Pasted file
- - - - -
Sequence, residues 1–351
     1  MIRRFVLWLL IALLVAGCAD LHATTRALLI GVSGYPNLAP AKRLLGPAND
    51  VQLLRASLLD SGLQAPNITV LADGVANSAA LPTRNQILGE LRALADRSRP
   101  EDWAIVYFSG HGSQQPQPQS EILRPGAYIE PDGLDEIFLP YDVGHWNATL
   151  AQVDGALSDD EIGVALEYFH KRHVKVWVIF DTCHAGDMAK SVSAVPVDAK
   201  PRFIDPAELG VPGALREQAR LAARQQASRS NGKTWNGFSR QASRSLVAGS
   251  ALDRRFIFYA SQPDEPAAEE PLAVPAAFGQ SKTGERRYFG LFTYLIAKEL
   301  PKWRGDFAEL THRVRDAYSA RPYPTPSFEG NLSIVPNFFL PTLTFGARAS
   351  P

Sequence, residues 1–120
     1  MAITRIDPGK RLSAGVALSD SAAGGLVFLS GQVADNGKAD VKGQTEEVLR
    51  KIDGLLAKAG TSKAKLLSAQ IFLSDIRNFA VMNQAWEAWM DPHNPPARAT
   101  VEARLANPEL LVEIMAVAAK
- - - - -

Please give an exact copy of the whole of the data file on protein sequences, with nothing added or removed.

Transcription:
Sequence, residues 1–351
     1  MIRRFVLWLL IALLVAGCAD LHATTRALLI GVSGYPNLAP AKRLLGPAND
    51  VQLLRASLLD SGLQAPNITV LADGVANSAA LPTRNQILGE LRALADRSRP
   101  EDWAIVYFSG HGSQQPQPQS EILRPGAYIE PDGLDEIFLP YDVGHWNATL
   151  AQVDGALSDD EIGVALEYFH KRHVKVWVIF DTCHAGDMAK SVSAVPVDAK
   201  PRFIDPAELG VPGALREQAR LAARQQASRS NGKTWNGFSR QASRSLVAGS
   251  ALDRRFIFYA SQPDEPAAEE PLAVPAAFGQ SKTGERRYFG LFTYLIAKEL
   301  PKWRGDFAEL THRVRDAYSA RPYPTPSFEG NLSIVPNFFL PTLTFGARAS
   351  P

Sequence, residues 1–120
     1  MAITRIDPGK RLSAGVALSD SAAGGLVFLS GQVADNGKAD VKGQTEEVLR
    51  KIDGLLAKAG TSKAKLLSAQ IFLSDIRNFA VMNQAWEAWM DPHNPPARAT
   101  VEARLANPEL LVEIMAVAAK